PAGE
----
Rockdale’s county-wide Criterion-Referenced Competency Test scores for the 2008-2009 school year were a mixed bag of increases and decreases.
The scores were released Thursday; however, the scores for individual elementary and middle schools will not be released until July 7. The end-of-the year tests are designed to measure the ability of grade school students to acquire, retain and understand knowledge, concepts and skills and allow school and the state to measure academic progress from one year to the next.
Third, fifth and eighth-graders are required to pass certain subjects in order to proceed to the next grade. Third grade students must pass the reading section, while fifth and eighth graders must pass the reading and math sections
Students in grades one through eight are given the test every year and their knowledge is measured against statewide scores. All students are tested on reading, English/language arts and mathematics, while grades three through eight are additionally tested in science and social studies. It is a requirement of Georgia law that students participate in these tests.
Scores are also used to determine whether individual schools have passed the state’s Adequate Yearly Progress standards, which are mandated to be passed by the federal No Child Left Behind Act. If schools fail to meet the AYPs a few years in a row in Georgia they can be forced to replace personnel, reorganize the school’s structure and even close eventually.
The scores are measured by the percentage of students who either met or exceeded expectations, and the differences are from the 2008-2009 school year compared to the 2007-2008 school year.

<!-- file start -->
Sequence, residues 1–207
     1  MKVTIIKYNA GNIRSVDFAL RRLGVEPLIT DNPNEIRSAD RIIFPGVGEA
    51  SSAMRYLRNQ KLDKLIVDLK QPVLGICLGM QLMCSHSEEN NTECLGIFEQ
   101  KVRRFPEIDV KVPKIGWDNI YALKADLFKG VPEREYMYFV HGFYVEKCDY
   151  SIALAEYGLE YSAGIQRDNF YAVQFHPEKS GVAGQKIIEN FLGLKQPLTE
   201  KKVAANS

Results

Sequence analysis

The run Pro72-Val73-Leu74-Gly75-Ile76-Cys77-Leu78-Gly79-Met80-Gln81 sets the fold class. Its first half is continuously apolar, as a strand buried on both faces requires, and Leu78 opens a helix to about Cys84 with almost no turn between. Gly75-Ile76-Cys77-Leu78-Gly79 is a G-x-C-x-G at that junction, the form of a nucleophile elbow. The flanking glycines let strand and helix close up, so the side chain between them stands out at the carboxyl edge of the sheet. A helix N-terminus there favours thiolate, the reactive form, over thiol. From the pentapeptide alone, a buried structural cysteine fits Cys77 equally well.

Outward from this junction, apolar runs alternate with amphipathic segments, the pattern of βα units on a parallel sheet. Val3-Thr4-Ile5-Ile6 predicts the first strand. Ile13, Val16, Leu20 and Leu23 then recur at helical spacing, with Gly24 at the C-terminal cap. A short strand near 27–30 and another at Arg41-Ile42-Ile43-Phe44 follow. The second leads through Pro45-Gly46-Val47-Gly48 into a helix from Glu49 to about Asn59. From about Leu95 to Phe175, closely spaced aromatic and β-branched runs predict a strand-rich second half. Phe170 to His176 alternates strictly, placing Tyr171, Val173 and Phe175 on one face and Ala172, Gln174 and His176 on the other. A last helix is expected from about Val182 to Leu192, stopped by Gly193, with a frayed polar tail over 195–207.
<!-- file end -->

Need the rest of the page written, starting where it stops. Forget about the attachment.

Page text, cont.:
In Rockdale, reading scores were down slightly in the majority of grades, including a decrease of 5.4 percent for grade three to 91.6 percent of students, who met or exceeded expectations, and a 5.8 percent decrease to 91.2 for grade five.
English/language arts, which includes grammar, sentence construction and research, were split evenly between increases and decreases. They were up by 4.4 percent to 94.4 and 4 percent to 95 respectively in grade six and grade eight.
Math scores increased in five out of the eight grades, but were down by 6.6 percent to 84.4 in grade five and down 4.7 percent to 72.3 in grade eight.
Science scores improved significantly most grades, including a 9.3 percent jump to 79.3 in grade five and a 6.3 percent jump to 68.3 in grade eight.
On the opposite end social studies grades decreased dramatically, falling by double digits in grade three, four and five. However, Dana Tofig, communications director for the Georgia Department of Education, said the state introduced a new social studies curriculum in 2008-2009, which is more rigorous and focused. Therefore, the scores from last year should not be compared, because the tests were different.
"We are phasing in the curriculum (in each section) over many years and as each new section is rolled out, new tests are given in those areas," Tofig said. "The tests not only test more rigorous material but they ask for higher level thinking. In other words, the tests are harder than those aligned to the old curriculum. Again, this was a statewide thing, not just Rockdale."
In a previous press release, Tofig said that the scores are up across the state, including a largest increase in eighth-grade math scores.
Officials have said in various press releases that the individual school scores are more telling.